Even when the temperature drops to a frigidly cold level, it’s not uncommon for outdoor cats not to come when they’re called indoors. They may be fine and happy out there —but what if they’re not? How cold is too cold for your outside cat?
Safe Temperatures for Outdoors Cats
For the most part, cats are adequately adapted for relatively cold temperatures. But there is a limit, and in general, it’s anywhere below freezing.
When the temperature drops below 32 degrees Fahrenheit, try to make sure your cat comes inside or they may risk life-threatening dangers, including hypothermia and frostbite. If cats are left outdoors in extreme temperatures, they may also put themselves in danger by nestling beneath the hoods of cars.
If your cat is simply an outdoor cat and bringing them inside is not an option, the best thing to do is assemble a safe and warm structure for them. If possible, this structure should:
- Be elevated off the ground
- Be covered on all sides to shield from the wind (with an entrance/exit on one side)
- Have some sort of insulation or warm bedding inside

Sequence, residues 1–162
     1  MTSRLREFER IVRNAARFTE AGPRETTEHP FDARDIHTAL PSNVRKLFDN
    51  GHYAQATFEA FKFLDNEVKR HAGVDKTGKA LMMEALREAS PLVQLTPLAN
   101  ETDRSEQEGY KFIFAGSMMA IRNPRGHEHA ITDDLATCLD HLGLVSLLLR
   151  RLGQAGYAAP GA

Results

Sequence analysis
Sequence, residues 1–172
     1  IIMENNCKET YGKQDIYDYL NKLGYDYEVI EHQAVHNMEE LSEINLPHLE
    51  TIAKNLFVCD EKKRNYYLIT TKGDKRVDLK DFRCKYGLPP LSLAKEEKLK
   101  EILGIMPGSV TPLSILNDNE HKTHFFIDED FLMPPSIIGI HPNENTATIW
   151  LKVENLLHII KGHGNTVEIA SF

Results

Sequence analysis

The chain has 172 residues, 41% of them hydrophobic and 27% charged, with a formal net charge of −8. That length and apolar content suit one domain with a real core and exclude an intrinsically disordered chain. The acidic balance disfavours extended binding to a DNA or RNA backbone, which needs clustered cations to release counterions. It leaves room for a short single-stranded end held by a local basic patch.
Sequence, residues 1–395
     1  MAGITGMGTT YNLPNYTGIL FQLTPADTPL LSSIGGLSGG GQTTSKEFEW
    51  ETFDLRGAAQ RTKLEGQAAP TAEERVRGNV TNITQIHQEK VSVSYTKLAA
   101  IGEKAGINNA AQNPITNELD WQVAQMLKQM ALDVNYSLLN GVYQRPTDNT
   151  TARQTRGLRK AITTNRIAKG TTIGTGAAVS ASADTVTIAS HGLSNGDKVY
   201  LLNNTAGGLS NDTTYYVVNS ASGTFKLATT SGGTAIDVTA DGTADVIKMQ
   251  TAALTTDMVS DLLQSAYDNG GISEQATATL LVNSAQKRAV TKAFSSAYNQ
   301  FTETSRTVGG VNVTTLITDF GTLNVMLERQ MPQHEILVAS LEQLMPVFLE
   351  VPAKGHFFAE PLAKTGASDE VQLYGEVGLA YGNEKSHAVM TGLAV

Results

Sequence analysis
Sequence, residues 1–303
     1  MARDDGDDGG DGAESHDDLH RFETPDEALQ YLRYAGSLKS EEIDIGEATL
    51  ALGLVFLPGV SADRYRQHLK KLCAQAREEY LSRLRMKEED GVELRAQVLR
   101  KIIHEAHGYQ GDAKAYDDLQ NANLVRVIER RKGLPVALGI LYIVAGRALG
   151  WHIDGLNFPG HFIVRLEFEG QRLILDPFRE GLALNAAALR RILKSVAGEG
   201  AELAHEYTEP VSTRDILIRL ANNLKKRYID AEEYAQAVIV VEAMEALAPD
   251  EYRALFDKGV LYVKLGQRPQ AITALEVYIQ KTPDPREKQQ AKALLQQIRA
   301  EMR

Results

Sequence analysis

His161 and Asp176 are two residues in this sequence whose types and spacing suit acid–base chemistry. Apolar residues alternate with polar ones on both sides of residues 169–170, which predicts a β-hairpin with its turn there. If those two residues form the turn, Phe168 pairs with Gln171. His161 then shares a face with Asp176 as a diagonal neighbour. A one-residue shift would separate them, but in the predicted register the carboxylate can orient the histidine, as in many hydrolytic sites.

- Be large enough for your cat to turn around inside
Further Considerations for Outdoors Cats
Remember that letting your cat outdoors at all is a big decision in and of itself. Unsupervised outdoor cats may unfortunately be susceptible to several dangers, including ticks and other parasites, infectious diseases, run-ins with other cats and wild animals, traffic, and more.
If you do decide to allow your cat outdoors, speak to your vet about preventative measures you can take. You’ll want to make sure they’re spayed or neutered, vaccinated, and have adequate annual testing and preventative medication prescriptions.
The veterinarians at Sunset Veterinary Clinic would be happy to examine your cat and provide preventative solutions for safe outdoor time. We’re here to answer all of your questions and concerns. Contact us today to schedule an appointment.